High cost of selling gov­ern­ment to its cit­i­zens

“The con­scious and in­tel­li­gent ma­nip­u­la­tion of the or­ga­nized habits and opin­ions of the masses is an im­por­tant el­e­ment in demo­cratic so­ci­ety,” wrote Ed­ward Ber­nays, re­garded as the “fa­ther of pub­lic re­la­tions,” in his in­flu­en­tial 1928 book, “Pro­pa­ganda.”

Daily Local News (West Chester, PA) - - OPINION - — Los An­ge­les Daily News, Dig­i­tal First Me­dia

Fed­eral agen­cies have spent about $1 bil­lion a year over the past decade on ad­ver­tis­ing and pub­lic re­la­tions, ac­cord­ing to a re­cent Gov­ern­ment Ac­count­abil­ity Of­fice re­port. Even this fig­ure likely un­der­states the ac­tual costs, the GAO notes, due to im­pre­cise bud­get clas­si­fi­ca­tions and the dif­fi­culty in defin­ing “pub­lic re­la­tions” ac­tiv­i­ties and per­son­nel.

The De­fense De­part­ment is re­spon­si­ble for the largest share of pub­lic re­la­tions ac­tiv­ity by far, ac­count­ing for 40 per­cent of all fed­eral pub­lic re­la­tions per­son­nel and 60 per­cent of all PR spend­ing. The De­part­ment of Vet­er­ans Af­fairs ex­pe­ri­enced the largest rate of in­crease in pub­lic re­la­tions spend­ing dur­ing the pe­riod, dou­bling its PR staff from 144 in 2006 to 286 in 2014 (which was, prob­a­bly not co­in­ci­den­tally, the year the VA hos­pi­tal neg­li­gence and wait time scan­dal broke).

The gov­ern­ment’s pub­lic re­la­tions ser­vices in­clude per­fectly le­git­i­mate func­tions, such as pro­vid­ing no­tice of im­pend­ing reg­u­la­tions and pub­lic com­ment pe­ri­ods or in­form­ing the pub­lic about health and safety threats. But when the Health and Hu­man Ser­vices De­part­ment launches an ex­pen­sive pro-Oba­macare ad­ver­tis­ing cam­paign, or the Pen­tagon tries to spin and in­flu­ence me­dia cov­er­age of mil­i­tary ac­tions, the ques­tion we must con­tin­u­ally ask is: When does pub­lic in­for­ma­tion cross the line to pro­pa­ganda?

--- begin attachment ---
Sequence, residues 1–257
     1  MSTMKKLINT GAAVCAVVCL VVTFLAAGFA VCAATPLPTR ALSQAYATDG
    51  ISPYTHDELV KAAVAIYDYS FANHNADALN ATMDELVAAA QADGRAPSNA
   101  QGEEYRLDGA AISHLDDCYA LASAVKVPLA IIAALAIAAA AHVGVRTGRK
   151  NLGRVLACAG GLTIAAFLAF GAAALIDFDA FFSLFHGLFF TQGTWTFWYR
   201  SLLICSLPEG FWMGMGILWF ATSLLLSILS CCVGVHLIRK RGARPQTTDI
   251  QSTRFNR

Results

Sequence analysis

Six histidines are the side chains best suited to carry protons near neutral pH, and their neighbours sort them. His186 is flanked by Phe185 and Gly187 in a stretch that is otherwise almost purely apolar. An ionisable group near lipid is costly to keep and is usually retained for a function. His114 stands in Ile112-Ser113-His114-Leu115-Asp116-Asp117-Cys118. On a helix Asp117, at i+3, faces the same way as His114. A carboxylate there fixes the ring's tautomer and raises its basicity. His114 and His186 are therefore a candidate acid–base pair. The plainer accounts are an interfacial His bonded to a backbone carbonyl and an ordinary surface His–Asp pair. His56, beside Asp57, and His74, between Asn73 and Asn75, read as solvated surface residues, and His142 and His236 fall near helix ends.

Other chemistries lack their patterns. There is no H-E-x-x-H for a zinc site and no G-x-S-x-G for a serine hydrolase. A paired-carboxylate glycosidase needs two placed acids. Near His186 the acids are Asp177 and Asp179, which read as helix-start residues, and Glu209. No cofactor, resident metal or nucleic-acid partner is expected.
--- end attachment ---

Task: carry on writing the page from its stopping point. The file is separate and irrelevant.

A re­port last year from Ari­zona Repub­li­can Sens. John McCain and Jeff Flake crit­i­cized what they called “paid pa­tri­o­tism,” the prac­tice of the mil­i­tary pay­ing pro and col­lege sports teams to per­form on­field flag cer­e­monies, sur­prise home­com­ings, wounded war­rior tributes, cer­e­mo­nial first pitches and the like. “Amer­i­cans de­serve the abil­ity to as­sume that tributes for our men and women in mil­i­tary uni­form are gen­uine dis­plays of national pride, which many are, rather than tax­payer-funded DoD mar­ket­ing gim­micks,” they stated.

And a 2008 New York Times in­ves­ti­ga­tion re­vealed that the retired mil­i­tary of­fi­cers who serve as “mil­i­tary an­a­lysts” on many news pro­grams of­ten­times par­roted ad­min­is­tra­tion talk­ing points in ex­change for spe­cial brief­ings and ac­cess to ad­min­is­tra­tion of­fi­cials, which many of them used to ad­vance their own busi­ness in­ter­ests by pur­su­ing gov­ern­ment de­fense con­tracts.

As Rea­son Mag­a­zine’s Eric Boehm ar­gued in a pointed crit­i­cism, “To be fair, the De­part­ment of De­fense’s PR team has a tough job. They have to sell the Amer­i­can pub­lic on the value of for­eign mil­i­tary in­ter­ven­tions (some­thing most Amer­i­cans gen­er­ally op­pose) and have to spin the bomb­ings of hos­pi­tals and the dron­ing of innocent civil­ians at wed­ding par­ties as be­ing in the best in­ter­est of Amer­ica’s de­fense — or at least as some­thing other than war crimes.”

It is bad enough that the gov­ern­ment spends our own money in ways with which many tax­pay­ers would dis­agree, but it is a dou­ble slap in the face when it uses those hard-earned dol­lars to pat it­self on the back for these in­fringe­ments or tries to ma­nip­u­late our opin­ions and be­hav­ior.

It is a dou­ble slap in the face when it uses those hard-earned dol­lars to pat it­self on the back for these in­fringe­ments or tries to ma­nip­u­late our opin­ions and be­hav­ior.

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